Silvio Berlusconi’s diversified experience and survival instinct were rare among politicians. After the 1990s mani pulite scandal, he won three general elections and shaped Italian politics for almost 30 years.
Berlusconi exacerbated the downfall of the country’s major political parties and the polarization between the Christian Democrats and the Italian Communist Party and its left-wing supporters.
Many Italians were pro- or anti-Berlusconi for decades. After the death of Forza Italia’s founder, La Repubblica predicts “a new era” of political polarization in Italy.
Entrepreneur Berlusconi entered politics. Later, he founded Mediaset, a private broadcaster. He introduced commercial television to Italy and challenged RAI’s broadcasting monopoly.
Berlusconi’s success as an entrepreneur, which Italians appreciate, helped him rise to the top of Italian politics despite his inexperience. After a severe debt crisis, he resigned as prime minister in 1994, 2001, and 2008.
European friends had already distanced themselves, and not simply because of his many foreign gaffes. Italy was in financial trouble when he left, and prosecutors were after him for his “bunga bunga” scandal.
Few predicted how much politics would follow Berlusconi’s populist model.
He was tried 36 times for mafia ties, bribery, and underage prostitution. His lone conviction was tax fraud in 2013. He lost parliament and the Cavaliere del Lavoro title. Berlusconi alleged a “communist” conspiracy for his imprisonment.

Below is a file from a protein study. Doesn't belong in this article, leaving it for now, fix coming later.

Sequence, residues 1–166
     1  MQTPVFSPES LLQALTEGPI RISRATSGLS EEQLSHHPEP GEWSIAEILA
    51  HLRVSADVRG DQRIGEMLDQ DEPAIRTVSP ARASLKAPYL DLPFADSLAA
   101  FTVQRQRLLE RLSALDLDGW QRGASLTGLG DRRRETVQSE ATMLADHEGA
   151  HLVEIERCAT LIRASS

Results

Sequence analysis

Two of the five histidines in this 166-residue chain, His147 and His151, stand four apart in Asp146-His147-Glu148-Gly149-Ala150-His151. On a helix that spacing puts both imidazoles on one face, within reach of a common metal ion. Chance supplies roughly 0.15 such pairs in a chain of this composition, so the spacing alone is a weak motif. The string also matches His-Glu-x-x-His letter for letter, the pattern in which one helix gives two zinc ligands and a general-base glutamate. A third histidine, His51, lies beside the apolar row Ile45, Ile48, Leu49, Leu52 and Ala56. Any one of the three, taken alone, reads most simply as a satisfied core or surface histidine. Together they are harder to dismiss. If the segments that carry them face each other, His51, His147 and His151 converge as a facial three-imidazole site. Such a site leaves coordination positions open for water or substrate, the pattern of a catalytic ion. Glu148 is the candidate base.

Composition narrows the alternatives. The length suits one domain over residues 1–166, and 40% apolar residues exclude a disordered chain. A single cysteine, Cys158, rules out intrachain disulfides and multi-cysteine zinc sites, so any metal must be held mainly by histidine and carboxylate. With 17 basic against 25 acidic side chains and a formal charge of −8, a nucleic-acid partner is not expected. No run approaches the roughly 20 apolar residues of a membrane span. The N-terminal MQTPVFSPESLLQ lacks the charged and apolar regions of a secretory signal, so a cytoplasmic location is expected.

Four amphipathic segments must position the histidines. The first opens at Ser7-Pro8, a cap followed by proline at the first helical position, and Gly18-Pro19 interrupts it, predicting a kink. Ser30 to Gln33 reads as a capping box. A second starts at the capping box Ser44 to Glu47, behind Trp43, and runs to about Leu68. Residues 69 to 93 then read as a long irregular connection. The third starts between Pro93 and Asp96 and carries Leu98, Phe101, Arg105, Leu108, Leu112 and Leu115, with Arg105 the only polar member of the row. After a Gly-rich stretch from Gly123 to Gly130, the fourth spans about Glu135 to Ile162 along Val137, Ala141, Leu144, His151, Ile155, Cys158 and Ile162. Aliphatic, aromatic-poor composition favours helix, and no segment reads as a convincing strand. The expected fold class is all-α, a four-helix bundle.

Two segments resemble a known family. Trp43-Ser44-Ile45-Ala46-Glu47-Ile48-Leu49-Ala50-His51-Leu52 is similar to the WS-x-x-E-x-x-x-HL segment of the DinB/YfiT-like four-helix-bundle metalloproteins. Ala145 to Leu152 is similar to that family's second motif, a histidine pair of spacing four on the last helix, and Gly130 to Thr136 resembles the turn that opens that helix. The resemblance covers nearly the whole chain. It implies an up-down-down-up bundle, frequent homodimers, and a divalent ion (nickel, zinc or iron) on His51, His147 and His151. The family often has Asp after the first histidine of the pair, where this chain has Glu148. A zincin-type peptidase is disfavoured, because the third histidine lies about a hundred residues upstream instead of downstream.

Berlusconi’s communication abilities are his most notable trait. He changed political and corporate communication. Some observers call him Europe’s first populist leader because he won over Italians. He capitalized on voters’ discontent with the current quo.
Unfortunately, his manner, deliberately or unwittingly, popularized the far-right and led to populist politicians like Donald Trump, Boris Johnson, and Marine Le Pen.
Despite being marginalized and isolated in Italian politics, Berlusconi portrayed himself as the kingmaker in recent years. Forza Italia lost its right-wing coalition supremacy. Berlusconi was replaced by Matteo Salvini of the National League and Giorgia Meloni of the Brothers of Italy.
While many leaders are praising Berlusconi, we must not allow his charm overwhelm his numerous alleged crimes and mistakes.
While others continue to ignore his sexist and racial statements, we should remember how controversy courted him till the end—last year, he sought to excuse his ally Vladimir Putin’s horrific invasion of Ukraine.
The extravagant, flashy, and controversial Berlusconi dominated Italian politics, business, and sports for 50 years. He campaigned for political change but left no meaningful legislation.
Is Berlusconi a reformer?